Posts Tagged With: lesson

Insect Thematic Unit

A few weeks ago I shared a lap book activity we did as part of our Insect Thematic Unit.¬† Since the creepy crawly bugs were a big hit at our house and the activity was at least noticed online ūüėČ I thought I’d post the whole thing.

Insect thematic unit‚ÄĒactivities and printables {}

We started by learning what makes a bugРthree body parts, six legs, antenna.  And since no theme unit in our home is complete without making something out of play dough, we went ahead and got that part over with had lots of fun making bugs!

Insect thematic unit‚ÄĒactivities and printables {}

Our Insect unit was full of science, so it was nice to add some dramatic play for social studies.  The kiddos acted out a butterfly life cycle, starting as a bunched-up ball to represent the egg, then crawling on the floor like caterpillars, hanging upside down and being a chrysalis, and finally emerging and being butterflies.

Insect thematic unit‚ÄĒactivities and printables {}

After emerging and allowing our wings to dry, butterflies of course, must find food!  So we had a drink of flower nectar with our long, straw-like tounges!

Insect thematic unit‚ÄĒactivities and printables {}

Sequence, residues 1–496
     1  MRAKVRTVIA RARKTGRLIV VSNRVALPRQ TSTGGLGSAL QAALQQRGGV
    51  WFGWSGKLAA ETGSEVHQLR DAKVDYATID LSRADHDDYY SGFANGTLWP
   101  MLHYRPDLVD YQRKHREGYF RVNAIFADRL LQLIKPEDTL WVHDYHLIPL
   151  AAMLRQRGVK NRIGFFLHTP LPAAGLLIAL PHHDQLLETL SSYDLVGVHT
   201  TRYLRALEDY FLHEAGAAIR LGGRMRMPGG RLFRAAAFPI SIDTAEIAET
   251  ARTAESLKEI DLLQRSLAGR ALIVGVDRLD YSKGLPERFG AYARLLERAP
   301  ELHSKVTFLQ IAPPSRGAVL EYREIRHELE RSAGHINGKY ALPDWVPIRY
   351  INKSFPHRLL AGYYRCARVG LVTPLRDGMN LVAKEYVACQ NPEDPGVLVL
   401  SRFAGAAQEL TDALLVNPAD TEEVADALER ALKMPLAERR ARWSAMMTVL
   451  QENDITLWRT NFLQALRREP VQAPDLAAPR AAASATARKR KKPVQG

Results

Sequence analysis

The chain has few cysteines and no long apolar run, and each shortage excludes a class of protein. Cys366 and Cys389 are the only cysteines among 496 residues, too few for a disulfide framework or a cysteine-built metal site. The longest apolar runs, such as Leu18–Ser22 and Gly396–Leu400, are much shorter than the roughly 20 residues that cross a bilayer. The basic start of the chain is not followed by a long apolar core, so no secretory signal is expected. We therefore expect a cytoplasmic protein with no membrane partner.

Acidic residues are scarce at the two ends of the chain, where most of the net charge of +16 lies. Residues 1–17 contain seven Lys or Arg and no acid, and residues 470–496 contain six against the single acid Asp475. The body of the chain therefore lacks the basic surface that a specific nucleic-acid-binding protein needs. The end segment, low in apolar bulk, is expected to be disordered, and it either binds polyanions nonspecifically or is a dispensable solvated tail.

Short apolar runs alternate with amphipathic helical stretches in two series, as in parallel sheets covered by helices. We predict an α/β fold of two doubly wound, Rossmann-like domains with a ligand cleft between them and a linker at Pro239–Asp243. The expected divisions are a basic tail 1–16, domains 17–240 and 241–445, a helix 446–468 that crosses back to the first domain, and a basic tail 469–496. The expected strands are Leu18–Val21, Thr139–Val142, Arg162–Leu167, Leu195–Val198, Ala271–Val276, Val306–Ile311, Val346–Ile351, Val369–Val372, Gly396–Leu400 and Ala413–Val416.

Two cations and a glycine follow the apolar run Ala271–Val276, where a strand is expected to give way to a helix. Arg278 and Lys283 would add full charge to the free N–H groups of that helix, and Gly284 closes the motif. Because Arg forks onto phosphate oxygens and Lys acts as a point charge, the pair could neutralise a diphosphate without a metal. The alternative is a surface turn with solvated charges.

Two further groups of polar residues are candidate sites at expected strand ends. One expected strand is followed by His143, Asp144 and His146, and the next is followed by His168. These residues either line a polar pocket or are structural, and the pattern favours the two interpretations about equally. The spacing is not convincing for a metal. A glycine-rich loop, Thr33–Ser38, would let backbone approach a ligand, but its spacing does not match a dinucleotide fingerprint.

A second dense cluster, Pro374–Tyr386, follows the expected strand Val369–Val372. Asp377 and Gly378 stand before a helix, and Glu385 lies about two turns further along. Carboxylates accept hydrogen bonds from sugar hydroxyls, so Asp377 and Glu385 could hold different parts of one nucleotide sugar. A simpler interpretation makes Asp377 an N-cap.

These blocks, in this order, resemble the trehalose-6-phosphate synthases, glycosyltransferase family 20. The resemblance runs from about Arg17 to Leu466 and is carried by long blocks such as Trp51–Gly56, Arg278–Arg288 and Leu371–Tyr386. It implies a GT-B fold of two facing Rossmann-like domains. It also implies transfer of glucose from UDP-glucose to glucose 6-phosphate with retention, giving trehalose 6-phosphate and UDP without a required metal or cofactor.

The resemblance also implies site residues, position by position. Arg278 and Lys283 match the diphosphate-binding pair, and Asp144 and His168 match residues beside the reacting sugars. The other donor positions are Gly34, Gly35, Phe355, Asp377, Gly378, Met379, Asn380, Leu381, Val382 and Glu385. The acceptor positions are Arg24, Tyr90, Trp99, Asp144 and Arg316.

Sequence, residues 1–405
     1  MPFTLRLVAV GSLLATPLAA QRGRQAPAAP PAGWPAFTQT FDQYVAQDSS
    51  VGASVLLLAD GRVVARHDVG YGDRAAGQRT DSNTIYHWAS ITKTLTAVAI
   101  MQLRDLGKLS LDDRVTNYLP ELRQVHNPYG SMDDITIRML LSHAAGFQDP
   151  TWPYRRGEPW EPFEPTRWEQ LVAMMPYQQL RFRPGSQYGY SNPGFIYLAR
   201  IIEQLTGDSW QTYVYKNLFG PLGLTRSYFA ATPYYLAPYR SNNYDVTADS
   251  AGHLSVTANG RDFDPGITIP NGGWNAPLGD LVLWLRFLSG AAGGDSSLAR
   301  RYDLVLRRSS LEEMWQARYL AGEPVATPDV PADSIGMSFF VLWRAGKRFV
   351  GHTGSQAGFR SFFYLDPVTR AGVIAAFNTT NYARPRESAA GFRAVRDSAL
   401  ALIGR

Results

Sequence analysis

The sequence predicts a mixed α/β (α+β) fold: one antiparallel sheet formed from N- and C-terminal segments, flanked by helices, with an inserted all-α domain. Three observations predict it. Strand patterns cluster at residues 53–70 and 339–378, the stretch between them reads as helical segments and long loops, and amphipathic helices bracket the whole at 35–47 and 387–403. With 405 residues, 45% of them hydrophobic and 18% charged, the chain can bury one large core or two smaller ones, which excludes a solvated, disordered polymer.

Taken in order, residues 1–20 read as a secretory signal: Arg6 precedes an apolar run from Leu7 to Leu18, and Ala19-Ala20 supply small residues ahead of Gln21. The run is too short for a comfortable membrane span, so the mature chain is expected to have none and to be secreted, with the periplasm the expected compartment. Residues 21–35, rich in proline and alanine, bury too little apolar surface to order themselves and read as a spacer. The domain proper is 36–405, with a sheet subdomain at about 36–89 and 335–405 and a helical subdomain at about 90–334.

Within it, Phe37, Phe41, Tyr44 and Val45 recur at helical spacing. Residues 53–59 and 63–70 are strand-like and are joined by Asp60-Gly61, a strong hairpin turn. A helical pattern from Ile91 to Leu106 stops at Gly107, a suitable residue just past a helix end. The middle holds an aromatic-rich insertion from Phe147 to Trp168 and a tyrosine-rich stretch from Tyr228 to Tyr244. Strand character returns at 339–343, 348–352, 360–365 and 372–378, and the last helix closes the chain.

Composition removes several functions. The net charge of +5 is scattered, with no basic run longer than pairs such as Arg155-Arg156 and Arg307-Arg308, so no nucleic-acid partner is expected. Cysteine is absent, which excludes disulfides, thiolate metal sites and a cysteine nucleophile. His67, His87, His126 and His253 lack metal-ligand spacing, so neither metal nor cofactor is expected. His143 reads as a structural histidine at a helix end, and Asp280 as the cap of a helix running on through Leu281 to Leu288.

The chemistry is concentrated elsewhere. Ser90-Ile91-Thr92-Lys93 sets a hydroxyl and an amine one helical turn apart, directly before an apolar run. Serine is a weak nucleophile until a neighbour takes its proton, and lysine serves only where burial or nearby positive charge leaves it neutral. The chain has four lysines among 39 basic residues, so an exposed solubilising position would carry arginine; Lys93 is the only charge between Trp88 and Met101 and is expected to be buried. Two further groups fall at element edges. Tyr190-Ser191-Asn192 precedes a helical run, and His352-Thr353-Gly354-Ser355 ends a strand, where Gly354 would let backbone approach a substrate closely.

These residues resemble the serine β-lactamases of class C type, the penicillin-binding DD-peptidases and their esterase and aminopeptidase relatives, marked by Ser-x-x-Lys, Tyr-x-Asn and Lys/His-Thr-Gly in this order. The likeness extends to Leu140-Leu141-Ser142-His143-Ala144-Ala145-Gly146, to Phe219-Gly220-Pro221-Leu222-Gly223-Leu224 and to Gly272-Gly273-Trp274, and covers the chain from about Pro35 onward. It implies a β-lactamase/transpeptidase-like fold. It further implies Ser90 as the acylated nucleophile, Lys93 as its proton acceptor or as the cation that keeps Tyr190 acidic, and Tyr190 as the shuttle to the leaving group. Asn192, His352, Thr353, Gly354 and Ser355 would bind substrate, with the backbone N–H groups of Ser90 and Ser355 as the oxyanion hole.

(That’s lemonade in cups with a construction paper flower laid over the top.¬† I made holes in the middle of the flowers and gave them our smoothie straws for sipping!)

Insect thematic unit‚ÄĒactivities and printables {}

And because all lessons are learned better with food, we also learned how bees, butterflies and other insects pollinate flowers.¬† First the kids cut and glued petals to the outside of a brown paper lunch bag.¬† Then I filled them with (a small serving of baked) Cheetos.¬† They ate the snack and wiped their fingers on the front of the bags as if it were pollen– what’s not to love?!

Insect thematic unit‚ÄĒactivities and printables {}

For art we painted a paper plate red, allowed it to dry, then cut it up the middle and attached the two pieces together with a brad.  Then they both glued a head and dots to their ladybug.  Naturally Brett added a face like the grouchy ladybug in the book.  While Anna worked on her gluing technique, Brett wrote down different ways to represent the dots on his ladybug.  He wrote a six first, then made an addition problem by adding the dots from each side of the body (3+3=6), then wrote a fraction showing how many of the bugs were on the left wing (3/6).